WHAT DO WE EXPECT OF ACT-UTILTTARLANISM?
In recent years, act-utilitarianism has been distinguished from rule-utilitarianism. We may say (roughly) that act-utilitarianism is the thesis that a particular act (as opposed to a type of act or class of acts) is right if and only if its utility – that is contribution towards intrinsically good states of affairs – is no less than that of some alternative act. Rule-utilitarianism is (roughly) the thesis that an act is right if and only if it conforms to a rule somehow grounded in utility. The present paper concerns one type of argument sometimes used as an attempt to show that act-utilitarianism cannot be an adequate ethical theory. Arguments of this type are characterized by an emphasis on practical difficulties involved in, or paradoxes arising out of, the attempt to apply act-utilitarianism theory to concrete moral situations.
Three forms of this type of argument may be distinguished: “weak”, “strong”, and “generalized”. “Weak” forms are used to attempt to establish that, because of difficulties involved in determining which of the acts open to us at a given time would contribute towards intrinsically good states of affairs no less than would any alternative, the attempt to act as an act-utilitarian is impracticable or self-defeating. “Strong” forms are used to attempt to establish that any serious attempt to deliberate along act-utilitarian lines forces the deliberator into a vicious regress. “Generalized” forms employ a generalization test, “What would happen if everyone deliberated along act-utilitarian lines?” Arguments of these three forms are developed in the paper in some detail, and some standard replies are noted. The thesis set forth is that a systematic confusion runs throughout all the arguments and replies, and that the arguments do not establish what they were intended to establish.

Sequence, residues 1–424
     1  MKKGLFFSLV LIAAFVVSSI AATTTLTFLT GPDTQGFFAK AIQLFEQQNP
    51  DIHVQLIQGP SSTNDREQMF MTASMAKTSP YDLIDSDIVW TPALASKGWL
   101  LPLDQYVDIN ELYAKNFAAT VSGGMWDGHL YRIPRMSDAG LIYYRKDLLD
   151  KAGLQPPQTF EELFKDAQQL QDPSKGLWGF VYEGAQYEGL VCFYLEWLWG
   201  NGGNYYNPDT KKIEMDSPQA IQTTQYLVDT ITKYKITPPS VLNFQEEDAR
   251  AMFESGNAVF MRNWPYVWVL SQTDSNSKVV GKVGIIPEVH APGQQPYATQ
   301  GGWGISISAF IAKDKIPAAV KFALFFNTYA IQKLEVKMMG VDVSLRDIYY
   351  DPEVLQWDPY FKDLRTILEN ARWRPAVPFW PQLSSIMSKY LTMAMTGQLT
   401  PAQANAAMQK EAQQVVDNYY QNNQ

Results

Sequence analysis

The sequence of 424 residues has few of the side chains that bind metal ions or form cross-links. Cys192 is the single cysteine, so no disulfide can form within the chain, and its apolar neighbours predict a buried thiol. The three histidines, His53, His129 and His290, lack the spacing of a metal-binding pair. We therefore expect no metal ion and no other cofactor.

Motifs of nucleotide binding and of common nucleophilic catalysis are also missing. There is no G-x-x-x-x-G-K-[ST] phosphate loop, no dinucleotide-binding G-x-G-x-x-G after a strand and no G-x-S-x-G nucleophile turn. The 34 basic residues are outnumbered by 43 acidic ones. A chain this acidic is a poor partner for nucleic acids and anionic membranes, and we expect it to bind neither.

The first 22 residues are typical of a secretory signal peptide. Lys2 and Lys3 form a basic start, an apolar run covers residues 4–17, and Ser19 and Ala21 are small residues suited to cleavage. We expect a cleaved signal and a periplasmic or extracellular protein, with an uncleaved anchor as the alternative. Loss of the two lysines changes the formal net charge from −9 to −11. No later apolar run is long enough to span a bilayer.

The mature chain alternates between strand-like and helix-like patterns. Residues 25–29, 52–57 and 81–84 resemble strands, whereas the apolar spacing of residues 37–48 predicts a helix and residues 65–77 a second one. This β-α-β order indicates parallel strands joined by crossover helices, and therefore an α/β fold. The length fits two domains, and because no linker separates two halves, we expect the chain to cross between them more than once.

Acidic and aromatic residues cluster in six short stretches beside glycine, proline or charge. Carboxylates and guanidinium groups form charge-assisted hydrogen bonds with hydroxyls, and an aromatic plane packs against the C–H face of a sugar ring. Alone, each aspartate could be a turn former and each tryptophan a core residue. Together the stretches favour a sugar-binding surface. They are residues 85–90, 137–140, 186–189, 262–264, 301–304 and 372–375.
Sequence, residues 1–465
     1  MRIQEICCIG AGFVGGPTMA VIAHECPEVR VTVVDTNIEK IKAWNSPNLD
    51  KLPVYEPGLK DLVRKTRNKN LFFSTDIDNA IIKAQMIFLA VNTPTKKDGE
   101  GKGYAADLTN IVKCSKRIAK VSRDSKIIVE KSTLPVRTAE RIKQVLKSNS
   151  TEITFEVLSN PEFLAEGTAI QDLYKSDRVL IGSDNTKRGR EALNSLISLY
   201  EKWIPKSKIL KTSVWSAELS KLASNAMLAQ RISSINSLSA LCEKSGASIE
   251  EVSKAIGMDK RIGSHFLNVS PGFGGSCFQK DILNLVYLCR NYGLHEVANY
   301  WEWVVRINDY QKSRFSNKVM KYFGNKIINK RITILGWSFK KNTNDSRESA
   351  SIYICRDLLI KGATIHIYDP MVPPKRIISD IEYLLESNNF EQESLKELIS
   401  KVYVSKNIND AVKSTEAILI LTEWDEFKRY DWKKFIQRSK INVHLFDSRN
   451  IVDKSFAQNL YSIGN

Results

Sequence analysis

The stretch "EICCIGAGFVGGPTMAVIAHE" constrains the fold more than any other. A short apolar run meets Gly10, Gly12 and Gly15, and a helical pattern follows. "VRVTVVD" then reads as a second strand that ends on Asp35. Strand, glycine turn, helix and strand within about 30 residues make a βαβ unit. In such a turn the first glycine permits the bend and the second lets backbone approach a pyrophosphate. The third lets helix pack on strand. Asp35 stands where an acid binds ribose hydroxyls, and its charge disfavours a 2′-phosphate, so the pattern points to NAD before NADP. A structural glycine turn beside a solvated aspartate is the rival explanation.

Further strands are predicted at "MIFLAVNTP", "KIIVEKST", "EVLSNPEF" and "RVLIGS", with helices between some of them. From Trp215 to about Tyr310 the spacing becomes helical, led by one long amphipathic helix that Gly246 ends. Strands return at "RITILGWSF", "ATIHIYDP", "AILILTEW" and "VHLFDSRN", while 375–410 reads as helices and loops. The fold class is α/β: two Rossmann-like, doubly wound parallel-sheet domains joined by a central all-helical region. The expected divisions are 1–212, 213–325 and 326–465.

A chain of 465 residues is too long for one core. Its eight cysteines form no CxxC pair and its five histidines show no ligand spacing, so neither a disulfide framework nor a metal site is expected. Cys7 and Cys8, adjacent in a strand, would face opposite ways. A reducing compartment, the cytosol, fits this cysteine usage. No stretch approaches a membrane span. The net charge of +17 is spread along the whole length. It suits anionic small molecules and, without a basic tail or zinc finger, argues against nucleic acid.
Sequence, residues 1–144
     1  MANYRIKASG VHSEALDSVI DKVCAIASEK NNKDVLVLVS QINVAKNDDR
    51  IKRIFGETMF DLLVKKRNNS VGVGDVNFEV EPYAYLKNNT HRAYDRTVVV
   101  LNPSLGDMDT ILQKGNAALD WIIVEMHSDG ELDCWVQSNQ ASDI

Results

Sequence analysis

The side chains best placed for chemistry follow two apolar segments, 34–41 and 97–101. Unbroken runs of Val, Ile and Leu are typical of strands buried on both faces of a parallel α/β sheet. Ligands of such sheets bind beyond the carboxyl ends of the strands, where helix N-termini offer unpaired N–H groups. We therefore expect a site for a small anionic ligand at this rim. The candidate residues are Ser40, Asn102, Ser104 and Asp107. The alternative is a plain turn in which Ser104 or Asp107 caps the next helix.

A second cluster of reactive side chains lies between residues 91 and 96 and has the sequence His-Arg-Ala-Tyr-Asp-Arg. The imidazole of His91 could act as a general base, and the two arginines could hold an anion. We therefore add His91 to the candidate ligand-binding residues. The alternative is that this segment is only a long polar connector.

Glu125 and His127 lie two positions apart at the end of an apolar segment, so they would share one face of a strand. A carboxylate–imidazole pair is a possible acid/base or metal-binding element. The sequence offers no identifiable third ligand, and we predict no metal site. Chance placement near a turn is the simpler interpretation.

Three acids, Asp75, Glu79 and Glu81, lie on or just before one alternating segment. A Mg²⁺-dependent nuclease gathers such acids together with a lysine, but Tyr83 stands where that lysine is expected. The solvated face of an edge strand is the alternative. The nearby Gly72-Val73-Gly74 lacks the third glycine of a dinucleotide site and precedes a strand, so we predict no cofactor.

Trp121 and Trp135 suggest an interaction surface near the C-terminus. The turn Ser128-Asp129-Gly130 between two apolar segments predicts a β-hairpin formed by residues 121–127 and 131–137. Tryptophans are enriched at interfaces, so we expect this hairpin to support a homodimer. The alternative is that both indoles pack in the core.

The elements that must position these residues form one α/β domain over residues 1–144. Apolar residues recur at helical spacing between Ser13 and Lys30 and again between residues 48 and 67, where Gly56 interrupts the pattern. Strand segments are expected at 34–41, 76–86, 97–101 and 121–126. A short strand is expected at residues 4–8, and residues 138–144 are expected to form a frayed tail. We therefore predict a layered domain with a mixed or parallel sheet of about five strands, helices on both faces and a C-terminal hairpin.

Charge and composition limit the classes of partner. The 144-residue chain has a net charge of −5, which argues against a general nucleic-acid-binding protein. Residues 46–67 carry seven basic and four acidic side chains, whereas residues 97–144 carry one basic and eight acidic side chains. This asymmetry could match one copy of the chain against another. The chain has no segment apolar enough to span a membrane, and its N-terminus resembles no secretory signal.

Several logically independent procedures, all of which can and do find their way into ethics, are distinguished: providing accounts of right-making characteristics, providing decision-making procedures, providing accounts of the considered moral judgements of informed, mature persons in their disinterested, reflective moments, and some others. The author argues that, because the procedures are logically independent; a proposed ethical theory could provide, for example, a true account of right-making characteristics without providing, for example, a decision-making procedure. He then notes that all the arguments of the type he has been considering are used to attempt to discredit act-utilitarianism by showing that a decision-making procedure frequency associated with act-utilitarianism, viz., the procedure of estimating and comparing probable consequences of alternative acts, is impracticable or self-defeating as a method for picking out, from the alternatives open to us at a given time, the one or ones (under practically helpful descriptions) which would be pronounced right by the act-utilitarian account of right-making characteristics. The author points out that such arguments, even if valid, do not show that act-utilitarian account of right-making characteristics is false. Moreover, because most formulations of act-utilitarianism appear to be accounts of right-making characteristics, and because acceptance of the act-utilitarian account of right-making characteristics does not commit one a priori to the decision making procedure of estimating and comparing probable consequences of alternative acts, if it is not clear that such arguments are even relevant to the question of whether act-utilitarianism, as it is usually formulated, is true.